For students who have a more chaotic home life, the schedule and structure of in-class learning makes it easier to focus, Arnold said. “You really can’t assume what a student or family might be going through because it’s impacted everybody in different ways.”
After Lazaro-Colin had a heart-to-heart conversation with his father, he realized that he what he truly wanted was a career that fit his interests: fashion design and video production. He moved in with his mom and brother, who helped him focus on his studies.
As soon as a hybrid of remote and in-person learning became available, he returned to school and found that it was easier to complete assignments in the company of teachers and peers. He used the hours outside of school to build his design portfolio.
“I realized during the pandemic that I want to do something after graduation,” Lazaro-Colin said. “I had to get myself together. COVID opened my eyes and made me realize it’s a great opportunity for you to accomplish your goals because you have so much free time after school. Why don’t I just do what I love and explore through it? So that’s exactly what I did. It also made my days more enjoyable and I can use these skills in my future.”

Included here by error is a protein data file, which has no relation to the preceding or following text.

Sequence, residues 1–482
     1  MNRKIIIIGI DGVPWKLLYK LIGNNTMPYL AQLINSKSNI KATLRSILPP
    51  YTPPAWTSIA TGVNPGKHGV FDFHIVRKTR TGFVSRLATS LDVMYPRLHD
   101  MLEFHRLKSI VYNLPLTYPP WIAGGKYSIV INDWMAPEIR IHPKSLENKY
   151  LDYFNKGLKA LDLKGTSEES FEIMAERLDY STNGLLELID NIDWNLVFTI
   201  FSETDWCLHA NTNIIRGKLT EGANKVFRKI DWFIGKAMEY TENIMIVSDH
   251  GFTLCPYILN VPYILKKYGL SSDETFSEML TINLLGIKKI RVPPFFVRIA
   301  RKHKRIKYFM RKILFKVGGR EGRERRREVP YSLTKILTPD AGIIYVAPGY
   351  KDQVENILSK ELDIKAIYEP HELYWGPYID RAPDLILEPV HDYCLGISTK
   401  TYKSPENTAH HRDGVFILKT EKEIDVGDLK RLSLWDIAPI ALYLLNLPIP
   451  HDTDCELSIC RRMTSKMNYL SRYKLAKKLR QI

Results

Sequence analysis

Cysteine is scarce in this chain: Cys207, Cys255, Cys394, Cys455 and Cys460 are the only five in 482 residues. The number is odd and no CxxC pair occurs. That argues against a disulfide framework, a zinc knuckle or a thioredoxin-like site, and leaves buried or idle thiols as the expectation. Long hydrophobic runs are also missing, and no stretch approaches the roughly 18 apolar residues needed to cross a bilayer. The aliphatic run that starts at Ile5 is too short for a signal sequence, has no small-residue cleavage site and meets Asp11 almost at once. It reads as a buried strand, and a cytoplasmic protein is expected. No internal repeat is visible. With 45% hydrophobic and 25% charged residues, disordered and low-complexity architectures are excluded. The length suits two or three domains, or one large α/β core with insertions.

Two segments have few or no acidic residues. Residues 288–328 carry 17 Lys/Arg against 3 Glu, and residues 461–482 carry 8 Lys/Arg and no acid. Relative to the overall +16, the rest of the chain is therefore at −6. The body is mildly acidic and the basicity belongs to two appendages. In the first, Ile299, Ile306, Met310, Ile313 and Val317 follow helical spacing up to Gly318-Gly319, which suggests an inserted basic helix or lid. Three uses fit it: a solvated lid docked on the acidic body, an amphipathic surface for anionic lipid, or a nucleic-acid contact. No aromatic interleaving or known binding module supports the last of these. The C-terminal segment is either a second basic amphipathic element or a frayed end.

An attentive teacher recommended Lazaro-Colin for the Vancouver Public Schools Game Time internship, where he learned video production while covering school sports. For Lazaro-Colin, the internship changed everything. It connected him to the school community and gave him the support of administrators and new friendships with crew members, as well as introducing him to industry professionals. He’s now earning straight As and has been accepted to Washington State University Vancouver, though he’s also considering Clark College.
“I can at least say that I did something I really enjoy and was passionate about — the internship and video production,” Lazaro-Colin said. “That, for me, kind of fills in the senior experience. I’m really lucky as a senior I get to do something to replace the senior prom. This is good enough for me.”